China slowed down a bit, thanks to trade war and tariffs, but didn’t suffer a lot. The mainstream media gave it a spin as “China’s economy grows at the slowest pace in 29 years!” However, the slowdown in China’s growth is natural at this stage of its development. Nothing can grow at 15% forever. What is not mentioned by the China-haters is that China grew much faster than the US economy and left other major economies like EU and Japan in the dust.
Here are the numbers for GDP growth in 2019 — China: 6.1%, USA: 2.2%, EU: 1.4% and Japan: 0.7%.
Note that, the official GDP growth are always inflation-adjusted. This is a strange norm that distorts reality. We don’t do this to other stats like stock market or wages. Thus, in real life, China’s GDP actually grew 10% … from Ұ90 trillion to Ұ99 trillion.
Thus, last year, China’s GDP grew by Ұ9 trillion… which translates to $1.3 trillion. For comparison, the US economy grew by $850 billion. See the difference? China’s economy grew by $450 billion more than the US. This is how China catches up to the US. Every year from now on, China will reduce the gap with the US by $500 or more.
Thus, in 2019, China’s GDP reached $14.4 trillion. And that doesn’t include Hong Kong and Macau. Include them, and China’s GDP really was $14.8 trillion in 2019!
World Beyond the US
How did China achieve this growth? How come the trade war and tariffs didn’t wreck the Chinese economy? Two answers:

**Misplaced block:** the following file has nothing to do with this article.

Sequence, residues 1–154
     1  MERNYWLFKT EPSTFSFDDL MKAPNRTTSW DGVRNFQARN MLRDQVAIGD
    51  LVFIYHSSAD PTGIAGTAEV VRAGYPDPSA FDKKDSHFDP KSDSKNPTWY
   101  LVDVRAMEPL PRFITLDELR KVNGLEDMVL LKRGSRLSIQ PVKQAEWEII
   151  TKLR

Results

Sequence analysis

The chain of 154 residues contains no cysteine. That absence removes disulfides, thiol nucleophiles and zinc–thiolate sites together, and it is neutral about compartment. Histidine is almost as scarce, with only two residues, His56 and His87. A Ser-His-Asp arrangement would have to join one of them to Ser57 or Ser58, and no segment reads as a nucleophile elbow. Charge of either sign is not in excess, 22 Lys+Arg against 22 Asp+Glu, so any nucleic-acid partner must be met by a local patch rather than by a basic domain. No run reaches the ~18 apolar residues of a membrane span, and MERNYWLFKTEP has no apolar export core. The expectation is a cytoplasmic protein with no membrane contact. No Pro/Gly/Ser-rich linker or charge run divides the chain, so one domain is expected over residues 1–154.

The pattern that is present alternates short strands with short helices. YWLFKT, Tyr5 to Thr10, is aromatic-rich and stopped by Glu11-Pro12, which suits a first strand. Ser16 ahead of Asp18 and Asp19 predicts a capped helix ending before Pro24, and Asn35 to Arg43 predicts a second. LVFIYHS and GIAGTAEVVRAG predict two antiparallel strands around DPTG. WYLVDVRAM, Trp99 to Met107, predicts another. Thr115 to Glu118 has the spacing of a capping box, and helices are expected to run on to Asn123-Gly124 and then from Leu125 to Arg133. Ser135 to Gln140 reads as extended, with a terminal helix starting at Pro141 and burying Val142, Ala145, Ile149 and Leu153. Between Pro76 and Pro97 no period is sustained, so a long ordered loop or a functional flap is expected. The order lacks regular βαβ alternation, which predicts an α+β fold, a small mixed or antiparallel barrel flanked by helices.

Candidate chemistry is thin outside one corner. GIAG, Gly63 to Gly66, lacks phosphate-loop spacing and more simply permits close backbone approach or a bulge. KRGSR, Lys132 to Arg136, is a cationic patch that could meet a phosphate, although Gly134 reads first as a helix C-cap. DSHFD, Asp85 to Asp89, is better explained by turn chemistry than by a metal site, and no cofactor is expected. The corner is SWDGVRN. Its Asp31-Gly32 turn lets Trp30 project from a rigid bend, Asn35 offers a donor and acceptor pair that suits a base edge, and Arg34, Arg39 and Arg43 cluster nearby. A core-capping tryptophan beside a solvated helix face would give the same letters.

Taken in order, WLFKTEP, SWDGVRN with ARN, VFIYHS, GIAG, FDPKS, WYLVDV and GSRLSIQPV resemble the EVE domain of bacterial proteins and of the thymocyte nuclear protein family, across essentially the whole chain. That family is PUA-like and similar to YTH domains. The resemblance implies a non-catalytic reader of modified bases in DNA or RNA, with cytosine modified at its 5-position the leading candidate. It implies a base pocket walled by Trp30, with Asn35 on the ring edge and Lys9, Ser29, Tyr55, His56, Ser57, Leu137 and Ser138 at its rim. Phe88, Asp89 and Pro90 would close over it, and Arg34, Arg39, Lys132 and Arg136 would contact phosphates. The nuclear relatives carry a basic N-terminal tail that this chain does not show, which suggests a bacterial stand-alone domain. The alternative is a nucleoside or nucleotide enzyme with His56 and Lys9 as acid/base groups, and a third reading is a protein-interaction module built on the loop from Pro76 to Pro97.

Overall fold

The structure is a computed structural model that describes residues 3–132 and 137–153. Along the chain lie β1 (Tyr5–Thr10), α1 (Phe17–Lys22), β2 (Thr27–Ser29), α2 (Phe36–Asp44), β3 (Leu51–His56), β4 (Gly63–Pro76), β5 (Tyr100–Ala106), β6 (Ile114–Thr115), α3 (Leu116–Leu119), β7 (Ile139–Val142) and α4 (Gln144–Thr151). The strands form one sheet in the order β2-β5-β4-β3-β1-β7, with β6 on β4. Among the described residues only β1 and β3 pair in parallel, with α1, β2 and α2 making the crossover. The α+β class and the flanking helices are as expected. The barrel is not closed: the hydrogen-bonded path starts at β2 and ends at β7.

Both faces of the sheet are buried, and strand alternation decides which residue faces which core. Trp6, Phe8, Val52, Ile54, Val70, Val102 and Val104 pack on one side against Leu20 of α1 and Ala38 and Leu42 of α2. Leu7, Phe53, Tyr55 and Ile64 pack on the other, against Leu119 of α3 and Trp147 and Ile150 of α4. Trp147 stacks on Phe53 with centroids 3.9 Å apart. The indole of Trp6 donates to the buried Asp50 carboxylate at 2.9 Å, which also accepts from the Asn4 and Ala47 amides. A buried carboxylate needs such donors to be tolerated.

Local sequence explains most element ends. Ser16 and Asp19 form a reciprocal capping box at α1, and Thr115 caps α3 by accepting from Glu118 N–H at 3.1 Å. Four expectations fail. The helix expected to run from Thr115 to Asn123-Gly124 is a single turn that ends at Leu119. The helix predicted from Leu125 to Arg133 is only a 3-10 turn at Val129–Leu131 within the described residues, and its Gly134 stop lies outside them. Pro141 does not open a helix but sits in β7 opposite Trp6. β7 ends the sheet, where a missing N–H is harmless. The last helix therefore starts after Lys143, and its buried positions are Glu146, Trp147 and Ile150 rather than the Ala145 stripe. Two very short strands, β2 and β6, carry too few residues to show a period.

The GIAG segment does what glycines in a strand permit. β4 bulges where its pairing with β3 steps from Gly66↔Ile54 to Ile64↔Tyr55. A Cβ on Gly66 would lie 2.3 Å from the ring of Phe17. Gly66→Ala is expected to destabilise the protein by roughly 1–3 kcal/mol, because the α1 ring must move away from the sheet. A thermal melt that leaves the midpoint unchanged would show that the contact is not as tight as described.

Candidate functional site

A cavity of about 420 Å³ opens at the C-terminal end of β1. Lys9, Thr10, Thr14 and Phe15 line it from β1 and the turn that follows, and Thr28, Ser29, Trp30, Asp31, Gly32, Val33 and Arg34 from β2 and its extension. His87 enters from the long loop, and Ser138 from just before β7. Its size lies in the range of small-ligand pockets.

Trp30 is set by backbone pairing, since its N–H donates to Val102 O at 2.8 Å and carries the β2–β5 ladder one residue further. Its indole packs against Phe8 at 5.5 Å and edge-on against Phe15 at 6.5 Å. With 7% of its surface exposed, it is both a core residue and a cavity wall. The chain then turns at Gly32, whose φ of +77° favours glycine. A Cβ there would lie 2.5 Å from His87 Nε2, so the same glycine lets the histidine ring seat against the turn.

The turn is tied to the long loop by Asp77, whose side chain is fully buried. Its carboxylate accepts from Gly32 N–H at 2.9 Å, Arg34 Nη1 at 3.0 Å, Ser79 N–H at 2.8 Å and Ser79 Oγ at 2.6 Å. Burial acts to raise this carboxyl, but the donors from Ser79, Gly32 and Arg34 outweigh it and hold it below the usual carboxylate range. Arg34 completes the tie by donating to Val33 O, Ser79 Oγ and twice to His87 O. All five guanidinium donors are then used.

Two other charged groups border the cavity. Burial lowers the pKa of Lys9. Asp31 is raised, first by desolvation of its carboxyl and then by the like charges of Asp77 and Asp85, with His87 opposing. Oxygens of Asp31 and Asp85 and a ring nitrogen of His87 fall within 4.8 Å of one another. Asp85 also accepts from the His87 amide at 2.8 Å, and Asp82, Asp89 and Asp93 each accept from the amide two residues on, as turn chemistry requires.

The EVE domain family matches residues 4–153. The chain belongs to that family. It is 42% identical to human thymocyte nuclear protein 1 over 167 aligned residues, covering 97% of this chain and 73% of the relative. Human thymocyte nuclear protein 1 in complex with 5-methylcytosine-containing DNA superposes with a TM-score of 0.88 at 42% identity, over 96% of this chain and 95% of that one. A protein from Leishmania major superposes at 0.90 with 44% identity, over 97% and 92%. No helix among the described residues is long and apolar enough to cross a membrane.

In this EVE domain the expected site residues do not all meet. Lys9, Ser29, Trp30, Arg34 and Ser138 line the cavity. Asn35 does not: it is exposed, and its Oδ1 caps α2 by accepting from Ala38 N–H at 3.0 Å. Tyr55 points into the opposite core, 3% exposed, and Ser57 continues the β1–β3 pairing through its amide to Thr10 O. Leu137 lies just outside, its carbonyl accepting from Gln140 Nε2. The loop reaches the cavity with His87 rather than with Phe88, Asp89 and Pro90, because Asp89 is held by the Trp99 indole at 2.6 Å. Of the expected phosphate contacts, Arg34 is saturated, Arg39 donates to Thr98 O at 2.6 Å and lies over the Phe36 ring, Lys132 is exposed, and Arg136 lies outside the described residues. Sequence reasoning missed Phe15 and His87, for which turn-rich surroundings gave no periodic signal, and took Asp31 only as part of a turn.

One, the significance of American economy is shrinking. In 2019, the US became the third trading partner for China! The top two were EU and ASEAN (a group of 10 countries in Asia). The Belt and Road countries also increased their trade with China. All in all, China’s total foreign (international) trade in 2019 was record $4.6 trillion — $2.5 trillion in exports and $2.1 trillion in imports.
Two, China’s economy is no longer dominated by manufacturing. Services sector — “tertiary industry” — is now 54% of the economy; and manufacturing is only 40%. Since services depend mostly on domestic consumption, trade war doesn’t have much impact.
If you look at the relative size of China to the US over the last 30 years, you can see how China is catching up:
With 4x as many people — who also work very hard — and a government that surprisingly plans and coordinates the economy very well, it should be no surprise that China will surpass the US by 2030 in nominal GDP. (Don’t forget that China has been #1 in terms of PPP GDP since 2014).
Of course, the trajectory is based on the assumption there won’t be many major financial crisis or hot wars in the coming decade, which are all quite possible.